My daughter flew to New Zealand on Qantas, a partner of American, and she expected to earn American miles. However, her ticket was “N” code for a discounted ticket, which evidently doesn’t qualify for miles. Is she out of luck?
Yes, she is out of luck.
At the risk of compounding the confusion, there are discounted Qantas fares that earn AAdvantage miles, and discounted Qantas fares which don’t. Your daughter’s N fare was one of the latter. (See American’s website for a list of fares which qualify for AAdvantage miles.)
Generally, American carriers award mileage credit for all published fares. But European and Asian carriers typically withhold mileage credit for cheaper tickets. (A Qantas spokesperson characterized the airline’s N fares as being “about the lowest year-round fares we offer.”) Unfortunately, eligible fares vary widely among the airlines that impose such restrictions. And, the restrictions are often only communicated in the nether regions of each airline’s terms and conditions. So it’s buyer beware when it comes to earning miles for flights on non-U.S. carriers, especially when traveling on lower-fare tickets.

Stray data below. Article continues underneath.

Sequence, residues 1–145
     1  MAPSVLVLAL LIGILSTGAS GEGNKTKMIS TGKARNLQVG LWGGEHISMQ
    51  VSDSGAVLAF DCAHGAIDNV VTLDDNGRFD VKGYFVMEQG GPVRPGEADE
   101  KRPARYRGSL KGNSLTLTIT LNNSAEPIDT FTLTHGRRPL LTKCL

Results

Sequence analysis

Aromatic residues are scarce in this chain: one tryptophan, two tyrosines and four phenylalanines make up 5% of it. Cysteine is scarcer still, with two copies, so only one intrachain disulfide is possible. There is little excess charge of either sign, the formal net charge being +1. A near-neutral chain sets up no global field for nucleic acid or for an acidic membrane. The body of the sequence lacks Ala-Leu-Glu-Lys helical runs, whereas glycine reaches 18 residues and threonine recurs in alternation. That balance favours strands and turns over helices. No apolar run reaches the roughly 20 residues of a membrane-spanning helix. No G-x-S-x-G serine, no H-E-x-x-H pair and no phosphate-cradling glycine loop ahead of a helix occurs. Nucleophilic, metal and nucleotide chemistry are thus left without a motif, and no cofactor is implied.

Which raises the question: Where’s the dividing line between cheap tickets and expensive ones?
The basic distinction is between restricted and unrestricted fares, also sometimes referred to as discounted and full fares. Restricted fares must be purchased in advance—typically 14 or 21 days—and tickets are usually nonrefundable and nonendorsable (i.e., they cannot be used for transportation on another airline in the case of a delay or cancellation by the issuing carrier). Sometimes they require the traveler to stay over a Saturday night. In return for purchasing in advance and enduring the restrictions, restricted tickets are significantly cheaper than unrestricted tickets.
Since the letter codes for the numerous available fare types are hardly self-explanatory, and are not used uniformly by all airlines, it’s easy to get tripped up trying to make sense of the alphabet soup of fare types.
The general rule is simply this: When flying on foreign airlines, mileage collectors should expect that some restricted fares probably will not earn miles, or will earn only half the miles actually flown. Knowing that, it’s always prudent to confirm whether a given fare type falls inside or outside the airline’s guidelines. That information should be published on the website hosting the frequent flyer program—American’s website in the case at hand. A call to the airline’s reservations center may be easier than slogging through the frequent flyer program fine print, though.
Lastly, it’s worth noting that the restrictions in question are imposed by the flown airline, Qantas here, and not by the airline hosting the program, American. Questions or complaints should be directed at the party responsible for the policy.